I beg folks answering this question to stick to the point, and refrain from answers such as "why do you run encryption anyway", or "use Bitlocker instead". This question is specifically about TrueCrypt and Windows7

I have copied encrypted system drive from one 240GB SSD disk to another 240GB SSD drive by making an exact sector-by-sector copy. I know that TrueCrypt does support TRIM, at least on system drives. At this time, I would assume the target disk thinks that every sector is in use, since every sector have been written to. I tried finding a utility, which will run TRIM on all unused sectors, but it seems that I cannot find any. There has been references to ForceTrim utility on OCZ forums, but it seems to have been either deleted or locked up, because I cannot access it.


  • How do I force TRIM of all unused sectors on a system drive?

  • How do I verify that TRIM has been successful and drive indeed is aware of all unused space? How to tell, how many sectors are marked unused by the drive?

My drive is OCZ Vertex3


One simple solution to force-TRIM everything would be to create a huge file that fills up all your free space, then delete it. That should make the OS issue TRIM commands for all the space that's now free on the drive.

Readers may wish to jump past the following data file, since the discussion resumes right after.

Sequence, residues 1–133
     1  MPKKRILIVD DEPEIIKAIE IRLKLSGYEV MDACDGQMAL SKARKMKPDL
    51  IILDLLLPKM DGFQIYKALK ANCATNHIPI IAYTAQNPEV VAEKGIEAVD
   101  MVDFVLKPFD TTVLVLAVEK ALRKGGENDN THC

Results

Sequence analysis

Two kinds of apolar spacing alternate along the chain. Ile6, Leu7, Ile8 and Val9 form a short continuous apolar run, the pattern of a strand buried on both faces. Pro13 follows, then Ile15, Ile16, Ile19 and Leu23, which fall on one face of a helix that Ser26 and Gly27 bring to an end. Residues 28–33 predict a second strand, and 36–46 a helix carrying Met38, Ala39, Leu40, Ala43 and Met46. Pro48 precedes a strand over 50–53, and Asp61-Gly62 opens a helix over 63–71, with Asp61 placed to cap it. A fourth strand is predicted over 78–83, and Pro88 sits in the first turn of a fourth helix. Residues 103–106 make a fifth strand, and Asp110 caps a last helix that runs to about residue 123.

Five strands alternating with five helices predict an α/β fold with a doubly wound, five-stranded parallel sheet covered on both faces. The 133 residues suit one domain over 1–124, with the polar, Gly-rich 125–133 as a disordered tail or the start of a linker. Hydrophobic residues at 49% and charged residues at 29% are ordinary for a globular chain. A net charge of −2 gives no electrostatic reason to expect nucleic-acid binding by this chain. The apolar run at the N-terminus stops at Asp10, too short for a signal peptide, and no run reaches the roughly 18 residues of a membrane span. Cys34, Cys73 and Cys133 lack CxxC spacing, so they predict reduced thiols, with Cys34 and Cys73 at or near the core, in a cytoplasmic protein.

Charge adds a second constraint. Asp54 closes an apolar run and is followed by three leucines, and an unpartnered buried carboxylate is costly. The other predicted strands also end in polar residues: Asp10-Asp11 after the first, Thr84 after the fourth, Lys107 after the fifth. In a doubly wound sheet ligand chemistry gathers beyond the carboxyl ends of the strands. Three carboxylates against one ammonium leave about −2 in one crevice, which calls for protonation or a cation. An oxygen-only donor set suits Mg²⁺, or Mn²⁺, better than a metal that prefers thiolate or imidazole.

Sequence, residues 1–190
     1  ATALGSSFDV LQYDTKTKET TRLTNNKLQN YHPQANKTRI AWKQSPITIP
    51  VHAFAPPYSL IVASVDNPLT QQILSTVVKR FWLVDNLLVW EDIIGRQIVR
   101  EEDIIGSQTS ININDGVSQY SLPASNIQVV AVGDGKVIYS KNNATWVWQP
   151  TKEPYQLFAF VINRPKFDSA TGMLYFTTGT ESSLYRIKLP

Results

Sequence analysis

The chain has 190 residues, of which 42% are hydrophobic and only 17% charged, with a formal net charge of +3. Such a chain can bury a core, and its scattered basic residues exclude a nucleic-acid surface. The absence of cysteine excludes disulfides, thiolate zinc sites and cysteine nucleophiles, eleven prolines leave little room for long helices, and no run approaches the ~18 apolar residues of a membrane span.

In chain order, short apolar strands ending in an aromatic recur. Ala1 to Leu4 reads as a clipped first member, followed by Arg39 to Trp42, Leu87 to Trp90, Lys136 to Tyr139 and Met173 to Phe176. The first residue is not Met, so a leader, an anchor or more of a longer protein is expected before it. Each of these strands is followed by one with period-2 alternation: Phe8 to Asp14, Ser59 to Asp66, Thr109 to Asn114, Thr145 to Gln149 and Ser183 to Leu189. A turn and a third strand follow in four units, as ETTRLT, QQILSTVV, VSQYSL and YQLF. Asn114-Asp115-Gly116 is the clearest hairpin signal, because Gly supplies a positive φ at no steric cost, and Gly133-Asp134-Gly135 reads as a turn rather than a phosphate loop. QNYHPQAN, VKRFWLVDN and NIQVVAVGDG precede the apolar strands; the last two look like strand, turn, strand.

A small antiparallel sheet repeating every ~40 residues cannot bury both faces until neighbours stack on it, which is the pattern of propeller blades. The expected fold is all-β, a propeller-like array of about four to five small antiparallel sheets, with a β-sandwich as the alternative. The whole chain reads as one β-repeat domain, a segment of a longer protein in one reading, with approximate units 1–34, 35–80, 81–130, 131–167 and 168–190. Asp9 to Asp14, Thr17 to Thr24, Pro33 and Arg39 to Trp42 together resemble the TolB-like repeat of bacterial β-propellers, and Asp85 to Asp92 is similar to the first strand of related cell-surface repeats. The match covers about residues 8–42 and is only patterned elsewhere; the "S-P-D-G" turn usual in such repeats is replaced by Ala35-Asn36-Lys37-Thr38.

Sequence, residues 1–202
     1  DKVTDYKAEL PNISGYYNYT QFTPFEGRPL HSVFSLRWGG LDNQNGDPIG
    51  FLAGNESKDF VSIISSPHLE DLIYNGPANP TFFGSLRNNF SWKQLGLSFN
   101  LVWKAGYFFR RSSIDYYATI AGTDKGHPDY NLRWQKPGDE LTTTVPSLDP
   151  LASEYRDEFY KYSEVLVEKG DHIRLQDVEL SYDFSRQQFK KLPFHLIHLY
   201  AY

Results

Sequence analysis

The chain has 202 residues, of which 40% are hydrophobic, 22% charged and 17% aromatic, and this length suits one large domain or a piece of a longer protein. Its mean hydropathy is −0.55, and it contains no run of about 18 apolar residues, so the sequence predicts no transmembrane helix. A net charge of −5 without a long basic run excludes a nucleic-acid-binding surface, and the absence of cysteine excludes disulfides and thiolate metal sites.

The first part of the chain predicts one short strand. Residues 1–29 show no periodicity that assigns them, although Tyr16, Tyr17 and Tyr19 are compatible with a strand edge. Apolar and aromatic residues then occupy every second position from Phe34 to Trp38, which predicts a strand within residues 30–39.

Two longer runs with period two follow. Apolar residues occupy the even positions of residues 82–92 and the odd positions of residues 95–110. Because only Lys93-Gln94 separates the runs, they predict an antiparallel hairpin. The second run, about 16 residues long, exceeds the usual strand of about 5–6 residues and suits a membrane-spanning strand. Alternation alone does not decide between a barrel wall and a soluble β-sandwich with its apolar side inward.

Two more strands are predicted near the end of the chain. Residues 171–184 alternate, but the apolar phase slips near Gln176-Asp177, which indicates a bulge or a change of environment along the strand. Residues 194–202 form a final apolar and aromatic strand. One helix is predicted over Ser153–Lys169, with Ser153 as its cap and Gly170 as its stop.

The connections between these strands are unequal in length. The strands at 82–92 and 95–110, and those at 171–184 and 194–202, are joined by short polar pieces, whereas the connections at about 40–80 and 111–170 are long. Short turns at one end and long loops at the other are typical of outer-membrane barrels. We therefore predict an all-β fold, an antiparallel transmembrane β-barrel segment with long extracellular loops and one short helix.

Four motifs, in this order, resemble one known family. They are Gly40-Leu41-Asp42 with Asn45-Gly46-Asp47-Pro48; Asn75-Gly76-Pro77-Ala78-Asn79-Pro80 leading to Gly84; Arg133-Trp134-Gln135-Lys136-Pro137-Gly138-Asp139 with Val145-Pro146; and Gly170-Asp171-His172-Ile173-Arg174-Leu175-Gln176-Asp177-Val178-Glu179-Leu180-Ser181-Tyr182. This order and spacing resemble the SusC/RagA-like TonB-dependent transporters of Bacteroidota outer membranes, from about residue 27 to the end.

• Do you know how do I test, how many blocks are marked in use, so that I could tell that they were indeed TRIM'ed? – galets Sep 25 '12 at 16:06
  • @galets: That would be a question for the OCZ forums. – surfasb Sep 26 '12 at 0:00
  • @surfasb Tried... Seems like OCZ forums are useless – galets Sep 26 '12 at 3:43
  • For Windows: Note that the Samsung Magician software (that ships with, e.g., the 840 series) also has a feature that does this (it's disguised as "Optimize Performance", but this is what it does -- it's specifically for systems without explicit TRIM support). I believe the feature can be used on any drive, it doesn't have to be a Samsung product. – Jason C May 27 '14 at 20:01

I found an interesting program here! Quote from the "review":

It is a very simple and completely safe utility that merely creates a few large file entries on the ssd in order to fill the drive's free space, and then deletes them. This, assuming TRIM is enabled on your system, will cause your OS to issue trim commands to the ssd to cleanse the space those large files took up (Specifically, all the free space). After running this, the ssd should be managing this cleanup completely on its own in the background, and may take a few minutes. You really have no way of knowing, other than just coming back later and running a benchmark to see if your write performance has increased

  • 1
    Also: CCleaner does same thing, and since it's a mature trusted product, maybe it's worth using just that. Can not be too careful these days – galets Nov 11 '13 at 17:32

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